“Lifeboat Ethics’ under the Interstate: Seattle’s Prototype Highway Fallout Shelter,” by Craig Holstine, WSDOT Historian, presented at the Society of Architectural Historians Marion Dean Ross Pacific Northwest Chapter Conference, Seattle, 2014.
Washington State Historic Bridges
McMillin Bridge, 1934
A bridge of unique design listed in the National Register of Historic Places.
Visit the WSDOT Historic Bridges and Highways site to view highlights of Washington's most significant Transportation structures.
Pacific Northwest Ethnobotany
The Ethnobotany and Cultural Resources Manual identifies plants found along the highway Right-of-Way in Western Washington of traditional cultural significance and use.
Cultural Resources Training (CRT)
Each year, WSDOT partners with the Department of Archaeology and Historic Preservation and Washington State Parks and Recreation Commission to offer Cultural Resources Training (CRT).
CRT promotes awareness, preservation and stewardship of Washington’s cultural resources and is the only comprehensive training of this kind in the state. Enrollment is open to anyone with a need or desire to learn about cultural resources, cultural resource management laws and regulations, and the importance of preservation.
| ||Training participants will explore historic and archaeological sites common to Washington State. |
|Historic Homestead Cabin at Olmstead Place State Park in Kittitas County. || |
Using classroom and field exercises, participants work with some of the region's most qualified instructors to learn the skills necessary to address cultural resource management issues. This award-winning training is held only once a year and space is limited.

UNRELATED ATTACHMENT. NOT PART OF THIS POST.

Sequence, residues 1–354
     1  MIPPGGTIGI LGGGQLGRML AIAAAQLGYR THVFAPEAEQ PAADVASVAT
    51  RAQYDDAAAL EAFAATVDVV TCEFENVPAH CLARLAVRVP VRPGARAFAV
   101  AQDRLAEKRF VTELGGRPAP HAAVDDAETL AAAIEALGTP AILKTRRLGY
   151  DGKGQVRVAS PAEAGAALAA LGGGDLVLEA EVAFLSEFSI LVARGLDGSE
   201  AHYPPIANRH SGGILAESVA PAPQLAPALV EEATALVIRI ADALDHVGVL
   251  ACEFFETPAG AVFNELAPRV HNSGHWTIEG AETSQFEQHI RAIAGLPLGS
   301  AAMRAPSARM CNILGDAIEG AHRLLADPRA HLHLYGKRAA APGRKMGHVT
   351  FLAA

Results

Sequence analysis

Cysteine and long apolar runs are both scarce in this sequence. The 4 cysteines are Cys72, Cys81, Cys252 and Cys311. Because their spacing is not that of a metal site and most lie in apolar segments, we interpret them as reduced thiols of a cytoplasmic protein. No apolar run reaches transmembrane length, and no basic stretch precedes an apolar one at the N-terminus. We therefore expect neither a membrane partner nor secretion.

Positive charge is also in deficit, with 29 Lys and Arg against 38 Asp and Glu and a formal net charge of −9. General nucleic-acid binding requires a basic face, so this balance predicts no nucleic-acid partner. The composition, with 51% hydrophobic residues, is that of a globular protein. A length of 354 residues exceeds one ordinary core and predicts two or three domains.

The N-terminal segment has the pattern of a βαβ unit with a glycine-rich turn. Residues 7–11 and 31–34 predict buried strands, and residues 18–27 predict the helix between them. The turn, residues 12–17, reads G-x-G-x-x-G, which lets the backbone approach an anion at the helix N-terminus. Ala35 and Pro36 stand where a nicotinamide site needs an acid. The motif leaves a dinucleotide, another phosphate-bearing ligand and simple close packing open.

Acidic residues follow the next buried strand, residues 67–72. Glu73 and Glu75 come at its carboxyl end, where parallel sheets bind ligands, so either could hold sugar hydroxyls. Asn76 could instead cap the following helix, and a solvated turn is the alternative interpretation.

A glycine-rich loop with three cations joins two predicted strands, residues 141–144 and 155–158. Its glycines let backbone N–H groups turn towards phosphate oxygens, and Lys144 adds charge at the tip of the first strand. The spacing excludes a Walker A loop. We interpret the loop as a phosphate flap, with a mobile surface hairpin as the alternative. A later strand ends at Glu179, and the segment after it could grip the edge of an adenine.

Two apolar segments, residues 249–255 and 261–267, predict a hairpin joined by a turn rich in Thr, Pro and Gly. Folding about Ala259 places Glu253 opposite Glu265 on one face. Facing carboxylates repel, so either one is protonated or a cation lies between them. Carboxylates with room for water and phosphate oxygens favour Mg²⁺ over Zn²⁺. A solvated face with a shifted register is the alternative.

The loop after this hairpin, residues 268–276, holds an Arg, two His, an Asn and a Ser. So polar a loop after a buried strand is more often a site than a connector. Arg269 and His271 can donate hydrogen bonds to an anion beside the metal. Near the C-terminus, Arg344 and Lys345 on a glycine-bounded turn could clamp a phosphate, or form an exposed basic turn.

If you have attended CRT in the past and it has been over 5 years, you are encouraged to attend as cultural resource laws and regulations have changed. Please note, preference for enrollment will be given to new attendees.
WSDOT staff : Please contact Erin Littauer, Cultural Resource Specialist at 360.570.2448 or firstname.lastname@example.org to register.
For general registration (non-WSDOT): Please contact Russell Holter, Preservation Design Reviewer with the Department of Archaeology and Historic Preservation at email@example.com or 360.586.3533
2017 Eastside Cultural Resources Training
Spring Session: May 2-4, 2017
Where: Central Washington University
Registration: Contact Erin Littauer
201 Westside Cultural Resources Training - Hosted by Washington State Parks and Recreation Commission
Fall Session: TBD
Cultural Resources Program Information and Contacts
Sign up to receive Cultural Resources email updates
Notices may be sent to announce training opportunities, policy updates and staff changes. This is not a discussion list serve and you may cancel notifications anytime.
Please contact Erin Littauer, Cultural Resources Specialist, at firstname.lastname@example.org with any questions.
Cultural Resources Program
Contact the Cultural Resources Program Manager .
Specific Project or Region Activity
Contact that region's or program's Cultural Resource Specialist (CRS) (pdf 31 kb).
Native American Tribes
Contact the WSDOT Tribal Liaison Office site.